In an article for the online magazine Slate, Daniel Gross presents the plight of the many employees who have jobs and are fed up with them. I’ve been there, done that – a number of times in my life – so I can relate. Now I’ll give you the other side of the picture.
Appearing before the House Joint Economic Committee on Aug. 6th, Keith Hall, the Commissioner of the Bureau of Labor Statistics, reported that about 98% of employees in this country work for a company with 50 employees or less. He stated that there have been small increases in hiring by larger companies but hiring by small companies is flat or has decreased slightly.
Small companies are the economic engine of this country and they are not hiring. Until small company owners starting hiring, workers will continue to endure almost record unemployment. This administration has only just begun to address this issue with talk about a loan program for small businesses. For the past 1-1/2 years, they have been focused on the viability of big companies, those that produce 2% of the jobs in this country. This administration thought that by helping the big guys, they would be helping the little guys – a kind of trickle down economics. By the time the presidents and many vice-presidents at the big companies get done taking their share of the administration’s stimulus money, that’s about all that is left for the smaller companies – a trickle. Little wonder that the real engine of this economy is sputtering.
The reluctance of small business owners to hire is due to several factors: caution, fear, and uncertainty about future sales are top reasons. Others are: a lack of readily available business loans, excessive employee regulations and the burden of employee payroll taxes and benefits. Politicians like to make promises of a safety net for all employees, but who builds that safety net? Small business owners.
Many small businesses have had to lay off employees in the past 2 – 3 years and those layoffs jack up the unemployment rate on each business. In response to the rise in unemployment, many states also charge employers an additional tax surcharge. My company’s unemployment insurance rate has quadrupled in the past two years. If a small business owner hires an employee and business drops off after six months, the owner will have to let the employee go, which will only increase the unemployment insurance rate again. This self-defeating cycle of increasing taxes only makes small business owners more cautious about hiring.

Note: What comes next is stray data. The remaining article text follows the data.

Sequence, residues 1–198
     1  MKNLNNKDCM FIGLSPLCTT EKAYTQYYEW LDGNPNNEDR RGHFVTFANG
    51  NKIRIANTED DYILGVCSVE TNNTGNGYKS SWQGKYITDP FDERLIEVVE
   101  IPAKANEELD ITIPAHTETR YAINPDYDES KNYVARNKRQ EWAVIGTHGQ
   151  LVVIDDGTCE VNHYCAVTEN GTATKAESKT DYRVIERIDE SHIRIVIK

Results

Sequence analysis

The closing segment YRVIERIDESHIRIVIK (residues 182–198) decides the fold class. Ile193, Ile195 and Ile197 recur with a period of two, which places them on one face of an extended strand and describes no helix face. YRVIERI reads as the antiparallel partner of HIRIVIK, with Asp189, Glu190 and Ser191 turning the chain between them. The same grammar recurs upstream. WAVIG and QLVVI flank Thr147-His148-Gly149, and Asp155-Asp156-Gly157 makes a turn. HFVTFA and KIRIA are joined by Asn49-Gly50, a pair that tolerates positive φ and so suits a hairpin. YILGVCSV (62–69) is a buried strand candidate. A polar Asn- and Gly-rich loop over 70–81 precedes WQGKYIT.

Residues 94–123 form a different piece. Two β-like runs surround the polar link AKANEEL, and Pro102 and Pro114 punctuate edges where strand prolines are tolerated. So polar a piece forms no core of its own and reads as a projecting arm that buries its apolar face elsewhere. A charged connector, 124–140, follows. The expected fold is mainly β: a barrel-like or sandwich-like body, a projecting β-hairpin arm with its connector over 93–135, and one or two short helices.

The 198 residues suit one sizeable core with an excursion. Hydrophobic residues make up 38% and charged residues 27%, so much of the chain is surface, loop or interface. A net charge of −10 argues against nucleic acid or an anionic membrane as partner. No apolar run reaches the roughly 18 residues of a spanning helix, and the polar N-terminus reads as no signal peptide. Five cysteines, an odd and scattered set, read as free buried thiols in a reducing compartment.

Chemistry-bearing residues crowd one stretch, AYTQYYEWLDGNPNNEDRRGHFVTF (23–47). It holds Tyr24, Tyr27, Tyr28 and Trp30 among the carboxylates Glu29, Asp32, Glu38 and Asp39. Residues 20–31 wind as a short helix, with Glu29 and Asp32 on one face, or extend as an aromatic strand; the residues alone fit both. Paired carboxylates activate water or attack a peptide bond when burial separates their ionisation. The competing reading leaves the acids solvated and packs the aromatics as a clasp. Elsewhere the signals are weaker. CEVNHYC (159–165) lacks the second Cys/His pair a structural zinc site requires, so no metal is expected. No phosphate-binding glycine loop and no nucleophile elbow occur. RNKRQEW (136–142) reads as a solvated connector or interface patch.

In a downturn, small employers try to let those employees go who have the least productivity, leaving only the more productive workers to get the job done. As a result, productivity goes up. During downturns, the employees who have jobs are reluctant to push for raises and that, in turn, keeps a damper on labor costs, which helps increase productivity. There are a number of other factors that have contributed to increased productivity in the past decade, but the chief one is investment in technology. Better technology has enabled workers in a variety of industries to be more productive. Daniel Gross, the writer of the Slate article, seems to think that it is because employees are working harder. While that may be a minor contributing factor, people can only work so hard. Better tools produces the biggest sustained gains in productivity.